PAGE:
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replaced, with the ordinary profit, from the returns, as it was when employed in producing for the foreign market. The only losers (after the temporary inconvenience of the change) would be the consumers of the heretofore imported articles; who would be obliged either to do without them, consuming in lieu of them something which they did not like as well, or to pay a higher price for them than before.

There is much misconception in the common notion of what commerce does for a country. When commerce is spoken of as a source of national wealth, the imagination fixes itself upon the large fortunes acquired by merchants, rather than upon the saving of price to consumers. But the gains of merchants, when they enjoy no exclusive privilege, are no greater than the profits obtained by the employment of capital in the country itself. If it be said that the capital now employed in foreign trade could not find employment in supplying the home market, I might reply, that this is the fallacy of general over-production, discussed in a former chapter: but the thing is in this particular case too evident, to require an appeal to any general theory. We not only see that the capital of the merchant would find employment, but we see what employment. There would be employment created, equal to that which would be taken away. Exportation ceasing, importation to an equal value would cease also, and all that part of the income of the country which had been expended in imported commodities, would be ready to expend itself on the same things produced at home, or on others instead of them. Commerce is virtually a mode of cheapening production; and in all such cases the consumer is the person ultimately benefited; the dealer, in the end, is sure to get his profit, whether the buyer obtains much or little for his money. This is said without prejudice to the effect (already touched upon, and to be hereafter fully discussed) which the cheapening of commodities may have in raising profits; in the case when the commodity cheapened, being one of those consumed by labourers, enters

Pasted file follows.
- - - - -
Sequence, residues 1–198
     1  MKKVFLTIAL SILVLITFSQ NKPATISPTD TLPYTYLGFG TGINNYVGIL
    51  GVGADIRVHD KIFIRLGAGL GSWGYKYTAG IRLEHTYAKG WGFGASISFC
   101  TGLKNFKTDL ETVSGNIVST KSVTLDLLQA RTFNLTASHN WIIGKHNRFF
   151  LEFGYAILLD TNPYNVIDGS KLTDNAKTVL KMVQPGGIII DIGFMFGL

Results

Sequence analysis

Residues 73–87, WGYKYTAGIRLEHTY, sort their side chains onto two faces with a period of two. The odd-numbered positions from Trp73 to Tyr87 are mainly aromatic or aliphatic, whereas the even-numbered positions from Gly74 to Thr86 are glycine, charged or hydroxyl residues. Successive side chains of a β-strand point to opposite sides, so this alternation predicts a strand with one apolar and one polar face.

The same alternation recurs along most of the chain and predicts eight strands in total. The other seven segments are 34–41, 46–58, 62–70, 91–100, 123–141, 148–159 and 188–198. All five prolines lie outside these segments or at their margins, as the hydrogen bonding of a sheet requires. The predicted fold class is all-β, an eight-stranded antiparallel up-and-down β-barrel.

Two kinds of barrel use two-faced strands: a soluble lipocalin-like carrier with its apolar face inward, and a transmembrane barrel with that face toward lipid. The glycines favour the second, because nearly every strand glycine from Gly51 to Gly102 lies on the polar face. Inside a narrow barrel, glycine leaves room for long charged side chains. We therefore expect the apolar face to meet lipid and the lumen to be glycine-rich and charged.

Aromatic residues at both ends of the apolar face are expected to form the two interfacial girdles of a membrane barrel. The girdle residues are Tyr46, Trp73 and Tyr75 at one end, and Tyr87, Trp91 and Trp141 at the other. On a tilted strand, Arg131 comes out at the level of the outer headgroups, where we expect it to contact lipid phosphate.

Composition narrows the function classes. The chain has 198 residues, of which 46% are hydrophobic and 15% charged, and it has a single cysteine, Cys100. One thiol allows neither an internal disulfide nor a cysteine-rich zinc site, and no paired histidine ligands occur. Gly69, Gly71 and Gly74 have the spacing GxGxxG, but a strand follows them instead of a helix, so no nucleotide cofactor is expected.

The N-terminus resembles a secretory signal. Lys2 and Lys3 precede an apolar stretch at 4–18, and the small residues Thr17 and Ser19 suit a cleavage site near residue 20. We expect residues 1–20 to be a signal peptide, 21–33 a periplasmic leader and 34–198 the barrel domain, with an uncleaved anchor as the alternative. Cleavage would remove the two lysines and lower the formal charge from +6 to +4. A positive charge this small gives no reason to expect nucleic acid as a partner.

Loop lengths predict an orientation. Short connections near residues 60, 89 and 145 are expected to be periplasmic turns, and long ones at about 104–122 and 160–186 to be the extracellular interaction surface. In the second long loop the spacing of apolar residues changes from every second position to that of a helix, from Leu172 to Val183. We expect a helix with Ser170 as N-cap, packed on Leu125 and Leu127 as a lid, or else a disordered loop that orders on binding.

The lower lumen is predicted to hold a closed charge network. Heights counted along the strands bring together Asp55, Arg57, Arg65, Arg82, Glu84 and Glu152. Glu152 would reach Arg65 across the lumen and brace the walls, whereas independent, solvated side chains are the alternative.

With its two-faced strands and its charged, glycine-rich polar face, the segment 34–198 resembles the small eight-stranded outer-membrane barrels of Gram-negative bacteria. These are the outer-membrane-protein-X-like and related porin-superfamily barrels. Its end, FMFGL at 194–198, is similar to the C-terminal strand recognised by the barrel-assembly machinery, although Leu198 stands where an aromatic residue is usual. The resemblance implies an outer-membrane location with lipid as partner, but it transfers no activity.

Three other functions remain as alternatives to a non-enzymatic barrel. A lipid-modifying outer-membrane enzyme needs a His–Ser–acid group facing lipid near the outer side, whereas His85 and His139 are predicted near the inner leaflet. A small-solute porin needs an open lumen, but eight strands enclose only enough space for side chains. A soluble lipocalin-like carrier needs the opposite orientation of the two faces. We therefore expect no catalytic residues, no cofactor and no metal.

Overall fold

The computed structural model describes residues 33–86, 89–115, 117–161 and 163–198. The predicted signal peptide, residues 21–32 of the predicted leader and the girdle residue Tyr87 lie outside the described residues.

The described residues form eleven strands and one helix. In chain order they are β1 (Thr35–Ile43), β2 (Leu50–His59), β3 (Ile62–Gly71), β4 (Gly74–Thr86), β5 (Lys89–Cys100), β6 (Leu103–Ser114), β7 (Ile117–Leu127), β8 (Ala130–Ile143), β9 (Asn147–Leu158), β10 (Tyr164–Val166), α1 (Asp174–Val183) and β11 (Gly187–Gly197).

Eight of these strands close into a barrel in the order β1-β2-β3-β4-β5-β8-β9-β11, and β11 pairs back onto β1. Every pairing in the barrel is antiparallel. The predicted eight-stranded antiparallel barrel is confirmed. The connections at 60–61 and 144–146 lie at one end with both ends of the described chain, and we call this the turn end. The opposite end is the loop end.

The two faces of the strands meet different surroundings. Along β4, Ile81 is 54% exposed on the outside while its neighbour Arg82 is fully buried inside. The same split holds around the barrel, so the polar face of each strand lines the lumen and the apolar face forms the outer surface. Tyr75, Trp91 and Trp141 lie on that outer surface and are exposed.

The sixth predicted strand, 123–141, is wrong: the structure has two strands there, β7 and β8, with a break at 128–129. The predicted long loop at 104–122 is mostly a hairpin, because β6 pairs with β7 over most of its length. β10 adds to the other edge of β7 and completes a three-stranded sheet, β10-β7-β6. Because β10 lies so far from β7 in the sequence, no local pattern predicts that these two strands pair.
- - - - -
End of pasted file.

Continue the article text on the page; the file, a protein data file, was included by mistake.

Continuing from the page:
into the cost of labour, by which the rate of profits Is determined.